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Evaluation of the Nutritional and Feeding Value of Ethanol By-Products for Animal Production

2007 DOT-RITA Integrated Award


PI: Dr. Travis Whitney (Texas A&M University, Agricultural Experiment Station)
Co-PIs: Dr. James Muir (Stephenville Agricultural Experiment Station, Stephenville); Dr. Barry Lambert (Tarleton State Univ., Animal Science); Dr. Chris Lupton (Texas A&M University Agricultural Research and Extension Center, Animal Science); Dr. Mike Salisbury (Angelo State University, Animal Sciences);Dr. Kirk Braden (Angelo State Univ., Animal Science)

Funded: $116,103

Start Date: 07/01/2007

End Date: 06/30/2010


Expected Outcomes

Objectives of this project are to determine how animal performance, metabolism, digestibility, and wool and carcass characteristics of growing lambs and kids are affected by replacing protein (cottonseed meal) and energy (milo) feeds with DDG. Trials 1 and 2 (Period 1; Spring and Summer, 2008) will evaluate use of DDG on lamb and kid performance and wool and carcass characteristics. Trials 3 and 4 (Period 2; Fall, 2008) will evaluate the use of DDG on feed digestibility and nutrient metabolism in small ruminants.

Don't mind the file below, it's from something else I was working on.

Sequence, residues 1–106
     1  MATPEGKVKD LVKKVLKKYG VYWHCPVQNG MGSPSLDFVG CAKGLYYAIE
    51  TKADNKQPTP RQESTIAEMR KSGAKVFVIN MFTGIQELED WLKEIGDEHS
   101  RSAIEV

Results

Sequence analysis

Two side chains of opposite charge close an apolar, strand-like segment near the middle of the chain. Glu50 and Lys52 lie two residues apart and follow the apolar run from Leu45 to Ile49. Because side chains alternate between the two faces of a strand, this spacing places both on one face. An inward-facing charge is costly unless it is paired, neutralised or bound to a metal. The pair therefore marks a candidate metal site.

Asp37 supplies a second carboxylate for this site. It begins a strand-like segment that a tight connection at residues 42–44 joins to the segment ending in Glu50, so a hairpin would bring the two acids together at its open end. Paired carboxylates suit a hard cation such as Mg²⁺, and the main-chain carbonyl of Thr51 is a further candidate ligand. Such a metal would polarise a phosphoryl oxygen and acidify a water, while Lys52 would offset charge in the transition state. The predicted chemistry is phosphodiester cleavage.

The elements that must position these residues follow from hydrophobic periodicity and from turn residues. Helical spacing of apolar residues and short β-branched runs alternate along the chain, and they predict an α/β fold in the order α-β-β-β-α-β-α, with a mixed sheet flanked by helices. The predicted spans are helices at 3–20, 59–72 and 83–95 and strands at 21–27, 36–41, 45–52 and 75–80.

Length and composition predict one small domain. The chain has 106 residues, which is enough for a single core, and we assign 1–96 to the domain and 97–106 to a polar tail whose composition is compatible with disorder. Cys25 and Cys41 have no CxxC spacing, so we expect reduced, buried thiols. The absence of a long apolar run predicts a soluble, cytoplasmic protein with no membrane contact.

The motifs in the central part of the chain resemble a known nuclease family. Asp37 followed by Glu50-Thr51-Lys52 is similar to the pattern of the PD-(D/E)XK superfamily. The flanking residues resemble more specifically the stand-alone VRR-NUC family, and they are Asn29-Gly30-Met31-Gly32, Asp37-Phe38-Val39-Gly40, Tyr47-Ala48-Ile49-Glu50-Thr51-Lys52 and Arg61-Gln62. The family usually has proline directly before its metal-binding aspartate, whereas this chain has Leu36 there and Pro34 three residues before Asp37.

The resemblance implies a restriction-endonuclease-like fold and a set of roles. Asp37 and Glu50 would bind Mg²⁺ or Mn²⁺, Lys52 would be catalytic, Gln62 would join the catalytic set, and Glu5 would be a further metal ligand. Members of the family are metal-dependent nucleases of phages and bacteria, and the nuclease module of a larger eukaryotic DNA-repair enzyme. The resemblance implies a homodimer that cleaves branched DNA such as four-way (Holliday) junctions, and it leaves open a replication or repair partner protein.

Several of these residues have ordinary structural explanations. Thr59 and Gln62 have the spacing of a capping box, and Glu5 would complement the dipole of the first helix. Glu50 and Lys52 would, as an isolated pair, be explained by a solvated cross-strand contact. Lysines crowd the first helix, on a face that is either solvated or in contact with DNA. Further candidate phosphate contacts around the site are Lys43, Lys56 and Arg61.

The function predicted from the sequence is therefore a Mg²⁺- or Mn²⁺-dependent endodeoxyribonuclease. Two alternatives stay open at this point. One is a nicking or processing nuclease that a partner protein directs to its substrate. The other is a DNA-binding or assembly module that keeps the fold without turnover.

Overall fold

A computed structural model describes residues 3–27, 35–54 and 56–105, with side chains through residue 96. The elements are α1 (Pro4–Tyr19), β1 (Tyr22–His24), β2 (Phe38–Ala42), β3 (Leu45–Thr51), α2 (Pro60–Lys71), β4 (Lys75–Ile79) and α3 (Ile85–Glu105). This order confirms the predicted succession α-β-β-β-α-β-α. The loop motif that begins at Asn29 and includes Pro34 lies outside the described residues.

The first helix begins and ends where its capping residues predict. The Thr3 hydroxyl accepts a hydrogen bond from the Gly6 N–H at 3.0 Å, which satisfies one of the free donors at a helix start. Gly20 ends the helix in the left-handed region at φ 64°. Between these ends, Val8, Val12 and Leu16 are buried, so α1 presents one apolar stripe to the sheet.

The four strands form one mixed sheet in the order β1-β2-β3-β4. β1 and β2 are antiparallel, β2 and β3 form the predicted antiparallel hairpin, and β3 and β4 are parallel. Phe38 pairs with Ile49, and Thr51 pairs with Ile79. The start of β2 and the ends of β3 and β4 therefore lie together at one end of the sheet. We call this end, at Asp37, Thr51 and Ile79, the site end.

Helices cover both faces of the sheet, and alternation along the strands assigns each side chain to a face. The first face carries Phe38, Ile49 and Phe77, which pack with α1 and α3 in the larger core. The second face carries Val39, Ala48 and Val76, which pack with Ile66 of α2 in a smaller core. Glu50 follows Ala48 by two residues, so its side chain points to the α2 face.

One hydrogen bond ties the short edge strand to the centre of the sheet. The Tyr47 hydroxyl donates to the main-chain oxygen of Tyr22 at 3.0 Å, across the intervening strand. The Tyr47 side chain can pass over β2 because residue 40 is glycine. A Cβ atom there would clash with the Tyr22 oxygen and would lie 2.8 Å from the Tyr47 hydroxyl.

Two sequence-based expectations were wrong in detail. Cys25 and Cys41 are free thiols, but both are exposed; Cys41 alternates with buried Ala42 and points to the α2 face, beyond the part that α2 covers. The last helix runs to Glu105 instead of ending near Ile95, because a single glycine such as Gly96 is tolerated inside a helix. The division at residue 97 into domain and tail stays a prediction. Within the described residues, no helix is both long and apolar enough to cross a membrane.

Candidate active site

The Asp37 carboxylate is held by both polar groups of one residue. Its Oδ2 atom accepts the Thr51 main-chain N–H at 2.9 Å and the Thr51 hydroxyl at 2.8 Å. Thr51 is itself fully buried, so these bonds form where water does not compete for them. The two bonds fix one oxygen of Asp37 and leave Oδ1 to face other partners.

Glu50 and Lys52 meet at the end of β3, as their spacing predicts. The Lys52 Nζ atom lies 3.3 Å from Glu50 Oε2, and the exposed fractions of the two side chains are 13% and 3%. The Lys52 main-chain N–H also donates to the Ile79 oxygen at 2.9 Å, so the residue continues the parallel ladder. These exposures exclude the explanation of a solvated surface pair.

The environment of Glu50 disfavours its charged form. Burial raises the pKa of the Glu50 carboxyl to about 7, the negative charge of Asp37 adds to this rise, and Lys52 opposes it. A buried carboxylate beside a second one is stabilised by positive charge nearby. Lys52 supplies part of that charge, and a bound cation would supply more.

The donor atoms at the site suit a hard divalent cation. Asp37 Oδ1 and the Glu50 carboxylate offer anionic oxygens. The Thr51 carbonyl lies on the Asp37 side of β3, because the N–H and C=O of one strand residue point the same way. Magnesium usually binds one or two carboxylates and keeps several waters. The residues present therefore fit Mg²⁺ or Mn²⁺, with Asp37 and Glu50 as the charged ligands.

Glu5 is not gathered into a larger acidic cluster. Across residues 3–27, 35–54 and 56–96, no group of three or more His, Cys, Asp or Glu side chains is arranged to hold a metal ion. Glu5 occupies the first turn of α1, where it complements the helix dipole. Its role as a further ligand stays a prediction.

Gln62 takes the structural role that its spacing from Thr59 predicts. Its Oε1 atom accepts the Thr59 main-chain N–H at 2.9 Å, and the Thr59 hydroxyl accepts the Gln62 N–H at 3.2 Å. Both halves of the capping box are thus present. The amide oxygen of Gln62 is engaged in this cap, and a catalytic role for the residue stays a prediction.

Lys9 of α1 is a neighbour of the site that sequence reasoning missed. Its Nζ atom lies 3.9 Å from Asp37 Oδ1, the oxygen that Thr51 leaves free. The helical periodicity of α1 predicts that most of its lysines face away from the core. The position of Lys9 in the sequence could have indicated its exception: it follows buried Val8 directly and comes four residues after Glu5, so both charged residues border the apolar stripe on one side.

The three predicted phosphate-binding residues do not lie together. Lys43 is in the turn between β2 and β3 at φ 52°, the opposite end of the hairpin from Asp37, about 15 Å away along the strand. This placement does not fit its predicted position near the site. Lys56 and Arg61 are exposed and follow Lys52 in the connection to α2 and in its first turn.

Results from these trials will assist nutritionists in establishing a level of DDG that can be safely and efficiently fed to lambs and goats in growing rations. This knowledge should greatly increase the use of DDG since this study will quantifying positive and negative affects associated with feeding DDG, which are high in phosphorus, sulfur, and fat. If DDG can effectively replace a portion of a protein or energy feed source, then it will become a more viable feed alternative when formulating feed rations. We believe that DDG will enhance animal performance in this study, which will increase utilization and value of this by-product.

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